O’Reilly, seemingly unfazed, asked him to elaborate. And Koppel did — in an exchange not unlike his discussion with Hannity on Sunday.
“You have changed the television landscape over the past 20 years. You took it from being objective and dull to being subjective and entertaining,” Koppel told O’Reilly. “And in this current climate, it doesn’t matter what the interviewer asks him. Mr. Trump is going to say whatever he wants to say, as outrageous as it may be.”
Ted Koppel Tell Sean Hannity That Hannity Is ‘Bad for America’ – to His Face
Veteran TV journalist Ted Koppel analyzed the media’s role in the political divide in Trump-era America on “CBS Sunday Morning” — and had a pointed moment interviewing Fox News host Sean Hannity.
“We have to give some credit to the American people that they are somewhat intelligent and that they know the difference between an opinion show and a news show,” Hannity told Koppel on camera, registering the veteran newsman’s doubt. “You’re cynical. … You think we’re bad for America? You think I’m bad for America?”
“Yep,” Koppel replied. “In the long haul, I think that all these opinion shows…”
“Really?” Hannity asked. “That’s sad, Ted.”
Koppel explained: “You know why? Because you’re very good at what you did and because you have attracted … people who have determined that ideology is more important than facts.”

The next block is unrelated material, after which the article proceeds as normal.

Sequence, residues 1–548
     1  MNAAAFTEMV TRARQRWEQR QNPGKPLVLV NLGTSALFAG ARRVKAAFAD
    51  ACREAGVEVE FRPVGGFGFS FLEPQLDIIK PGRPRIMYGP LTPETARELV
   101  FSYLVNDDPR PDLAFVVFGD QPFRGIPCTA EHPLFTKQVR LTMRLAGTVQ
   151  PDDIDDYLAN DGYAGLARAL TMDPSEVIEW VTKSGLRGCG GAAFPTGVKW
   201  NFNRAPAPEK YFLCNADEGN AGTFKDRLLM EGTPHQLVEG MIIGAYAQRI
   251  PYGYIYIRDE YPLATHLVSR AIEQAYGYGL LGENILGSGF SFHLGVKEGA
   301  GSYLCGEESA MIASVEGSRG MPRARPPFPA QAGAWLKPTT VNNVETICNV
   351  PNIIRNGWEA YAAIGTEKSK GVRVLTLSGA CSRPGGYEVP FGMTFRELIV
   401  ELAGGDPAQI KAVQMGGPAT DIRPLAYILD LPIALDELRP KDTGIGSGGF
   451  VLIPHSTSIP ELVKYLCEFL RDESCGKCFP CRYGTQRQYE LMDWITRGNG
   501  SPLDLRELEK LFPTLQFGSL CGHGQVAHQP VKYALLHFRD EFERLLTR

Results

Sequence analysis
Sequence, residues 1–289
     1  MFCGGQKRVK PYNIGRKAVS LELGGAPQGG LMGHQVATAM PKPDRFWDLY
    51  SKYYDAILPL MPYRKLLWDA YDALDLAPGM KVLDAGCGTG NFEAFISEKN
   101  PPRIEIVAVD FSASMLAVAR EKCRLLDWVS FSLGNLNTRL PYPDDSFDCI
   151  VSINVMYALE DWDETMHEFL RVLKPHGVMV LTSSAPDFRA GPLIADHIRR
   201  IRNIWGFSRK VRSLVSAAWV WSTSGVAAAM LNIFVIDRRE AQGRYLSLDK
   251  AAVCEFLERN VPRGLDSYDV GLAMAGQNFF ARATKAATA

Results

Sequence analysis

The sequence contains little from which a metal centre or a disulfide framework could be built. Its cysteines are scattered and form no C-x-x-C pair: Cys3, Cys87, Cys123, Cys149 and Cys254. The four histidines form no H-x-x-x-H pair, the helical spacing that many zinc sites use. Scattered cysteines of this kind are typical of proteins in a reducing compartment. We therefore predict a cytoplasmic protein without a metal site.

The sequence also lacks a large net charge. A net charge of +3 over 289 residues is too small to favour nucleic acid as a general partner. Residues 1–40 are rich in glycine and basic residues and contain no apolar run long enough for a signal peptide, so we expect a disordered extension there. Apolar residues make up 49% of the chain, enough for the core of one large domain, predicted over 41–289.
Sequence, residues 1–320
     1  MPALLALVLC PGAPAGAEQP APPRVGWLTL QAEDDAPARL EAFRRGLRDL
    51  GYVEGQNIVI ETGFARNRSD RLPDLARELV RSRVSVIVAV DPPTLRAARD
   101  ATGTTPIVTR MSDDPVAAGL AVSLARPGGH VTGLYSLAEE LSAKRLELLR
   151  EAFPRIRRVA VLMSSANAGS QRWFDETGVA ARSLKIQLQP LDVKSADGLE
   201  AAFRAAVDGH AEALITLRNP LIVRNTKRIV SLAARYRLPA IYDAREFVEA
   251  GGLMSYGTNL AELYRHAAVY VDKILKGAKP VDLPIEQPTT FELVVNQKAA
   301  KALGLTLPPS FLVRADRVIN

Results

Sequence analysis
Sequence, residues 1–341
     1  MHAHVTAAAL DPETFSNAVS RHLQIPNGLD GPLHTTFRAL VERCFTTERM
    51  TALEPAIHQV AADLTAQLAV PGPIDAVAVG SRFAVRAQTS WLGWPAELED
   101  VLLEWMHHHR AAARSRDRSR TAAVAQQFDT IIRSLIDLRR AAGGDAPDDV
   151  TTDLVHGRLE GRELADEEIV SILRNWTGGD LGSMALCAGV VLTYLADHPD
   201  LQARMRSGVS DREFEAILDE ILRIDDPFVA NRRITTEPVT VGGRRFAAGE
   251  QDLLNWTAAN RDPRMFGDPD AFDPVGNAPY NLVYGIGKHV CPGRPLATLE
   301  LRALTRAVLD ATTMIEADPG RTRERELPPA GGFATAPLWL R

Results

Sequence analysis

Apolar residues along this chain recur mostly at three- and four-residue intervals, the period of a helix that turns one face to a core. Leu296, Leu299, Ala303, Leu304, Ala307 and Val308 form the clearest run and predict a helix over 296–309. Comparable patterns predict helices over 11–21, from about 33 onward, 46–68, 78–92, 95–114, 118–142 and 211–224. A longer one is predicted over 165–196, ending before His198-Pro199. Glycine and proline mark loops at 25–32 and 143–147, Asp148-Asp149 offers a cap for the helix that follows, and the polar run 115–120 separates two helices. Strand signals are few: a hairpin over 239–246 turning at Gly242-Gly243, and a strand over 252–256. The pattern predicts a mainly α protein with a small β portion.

To explain the evolution of the increasingly partisan American media, Koppel pointed to a 1987 decision by the Federal Communications Commission to overturn the so-called Fairness Doctrine, which stipulated that radio and television programs had to present both sides of a political question on air.
“Free of the Fairness Doctrine, Rush Limbaugh and conservative talk radio exploded into a political force of nature,” Koppel said.
Norm Ornstein, resident scholar at the American Enterprise Institute, told Koppel, “Now you take conservative talk radio, move that forward to tribal cable television and layer on to that email and social media, and all of a sudden we live in a world where people can get information and believe it’s absolutely true and not have to get any kind of opposing view. And once they believe it they will always believe it even if it’s utterly false.”
Koppel concluded by citing a Pew Research Center study from last June that found 49 percent of Republicans and 55 percent of Democrats said they were “afraid” of the other party: “As President Trump might say, sad.”
Ted Koppel tells Sean Hannity he is 'bad for America'
Veteran newsman Ted Koppel has told Fox News commentator Sean Hannity that he is “bad for America” in an interview that aired on CBS.
The discussion on the network’s Sunday Morning show focused on the polarisation of politics and the media in the US.
During the interview, Koppel, the former ABC Nightline anchor, said that the conflation of opinion and editorial content was dangerous.
Hannity told Koppel he was cynical and that Americans could tell the difference between opinion and news.
Referencing talk show hosts who tread a fine line between news and comment, Hannity said: “Do you think we’re bad for America? You think I’m bad for America?”
“Yeah,” Koppel replied. He tried to explain his reasons, but was interrupted several times by Hannity. When he was allowed to talk he went on: “You have attracted people who are determined that ideology is more important than facts.”
After the interview aired, Hannity fired back with a tweetstorm alleging that the interview had been cut significantly from 45 minutes to less than two and accusing CBS of broadcasting “Fake Edited News”.